Protein synthesis is only one aspect of what goes on in a muscle or the body – the other being protein breakdown. During exercise, protein breakdown increases whilst protein synthesis is reduced – so there is a net balance of protein in the muscle that is negative i.e. muscle loses more protein than it gains during exercise. This is an inevitable consequence of exercise; but don’t be worried because (a) it can be reduced by ingesting protein or amino acids before and after the exercise bout, and (b) the reverse occurs in the recovery period after exercise (so make sure you recover well!). If you fail to eat/drink protein before or after exercise, there is a negative protein balance over a 4 hour period i.e. muscle is lost!! You have been warned – do NOT exercise without ensuring that you ingest protein either before or after the exercise bout.
– Athletes have a daily protein requirement of between 1.5-2g per kg body weight per day.
– Protein supplementation can play an important role in the life of a busy athlete, and can provide as much as 25-50% of the daily intake.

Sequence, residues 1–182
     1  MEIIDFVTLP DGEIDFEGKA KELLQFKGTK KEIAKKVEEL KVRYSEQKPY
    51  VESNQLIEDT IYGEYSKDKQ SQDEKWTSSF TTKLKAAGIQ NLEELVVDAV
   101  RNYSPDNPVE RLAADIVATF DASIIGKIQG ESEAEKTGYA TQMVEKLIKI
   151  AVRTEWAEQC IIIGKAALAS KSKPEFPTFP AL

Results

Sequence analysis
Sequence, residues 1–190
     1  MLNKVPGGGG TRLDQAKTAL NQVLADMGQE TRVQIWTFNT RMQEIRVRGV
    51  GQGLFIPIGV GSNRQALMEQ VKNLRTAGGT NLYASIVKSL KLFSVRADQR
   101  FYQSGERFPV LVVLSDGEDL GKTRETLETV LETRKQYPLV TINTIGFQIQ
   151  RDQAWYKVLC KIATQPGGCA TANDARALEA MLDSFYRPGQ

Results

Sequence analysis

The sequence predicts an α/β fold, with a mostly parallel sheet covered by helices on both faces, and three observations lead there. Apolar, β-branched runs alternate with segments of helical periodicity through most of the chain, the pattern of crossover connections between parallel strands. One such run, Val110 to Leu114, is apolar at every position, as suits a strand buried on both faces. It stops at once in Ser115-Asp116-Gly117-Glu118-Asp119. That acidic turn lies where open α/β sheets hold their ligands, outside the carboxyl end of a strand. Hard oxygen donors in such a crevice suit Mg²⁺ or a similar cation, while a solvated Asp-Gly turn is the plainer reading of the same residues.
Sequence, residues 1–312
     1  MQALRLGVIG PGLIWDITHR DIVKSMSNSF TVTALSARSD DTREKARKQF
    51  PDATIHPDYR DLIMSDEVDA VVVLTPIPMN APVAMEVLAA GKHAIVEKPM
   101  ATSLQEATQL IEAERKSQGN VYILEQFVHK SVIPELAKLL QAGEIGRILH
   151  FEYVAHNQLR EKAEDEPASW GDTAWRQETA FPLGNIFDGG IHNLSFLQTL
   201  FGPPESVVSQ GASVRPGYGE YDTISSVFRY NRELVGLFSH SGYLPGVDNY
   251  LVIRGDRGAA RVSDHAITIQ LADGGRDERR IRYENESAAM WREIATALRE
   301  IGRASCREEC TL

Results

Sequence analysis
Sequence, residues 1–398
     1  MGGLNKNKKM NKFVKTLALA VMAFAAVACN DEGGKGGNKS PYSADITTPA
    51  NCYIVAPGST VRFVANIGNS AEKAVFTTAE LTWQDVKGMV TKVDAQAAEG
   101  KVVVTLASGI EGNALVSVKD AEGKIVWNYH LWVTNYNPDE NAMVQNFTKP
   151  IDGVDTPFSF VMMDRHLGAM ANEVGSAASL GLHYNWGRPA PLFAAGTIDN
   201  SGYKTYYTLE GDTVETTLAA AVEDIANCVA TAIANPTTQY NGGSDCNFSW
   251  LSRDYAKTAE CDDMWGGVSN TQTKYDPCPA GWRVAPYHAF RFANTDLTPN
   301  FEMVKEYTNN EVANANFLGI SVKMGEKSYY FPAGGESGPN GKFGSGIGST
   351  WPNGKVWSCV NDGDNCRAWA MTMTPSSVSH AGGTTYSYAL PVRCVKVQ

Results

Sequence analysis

– The current major types of protein supplement include whey (concentrate, isolate, or hydrolysed), casein, and soy.
– Whey proteins generally confer an advantage over the others because of the higher EAA, BCAA, and leucine contents.
– Soy proteins are advisable for vegans and lactose intolerant individuals.
– Getting into the habit of consuming rapidly digested proteins (whey) after resistance exercise provides an anabolic advantage that leads to greater hypertrophy or faster muscle recovery.
– Casein ingestion is recommended at night (before bedtime) as it stimulates muscle recovery whilst sleeping.
Professor Don MacLaren is part of the team who have developed Nutrition X’s range of Informed-Sport certified products, which have become the No.1 choice of sports nutrition for numerous elite athletes, amateur sports people and casual gym users alike.
For more information, or to discuss your sports nutrition requirements, please contact Don MacLaren via www.nutritionx.co.uk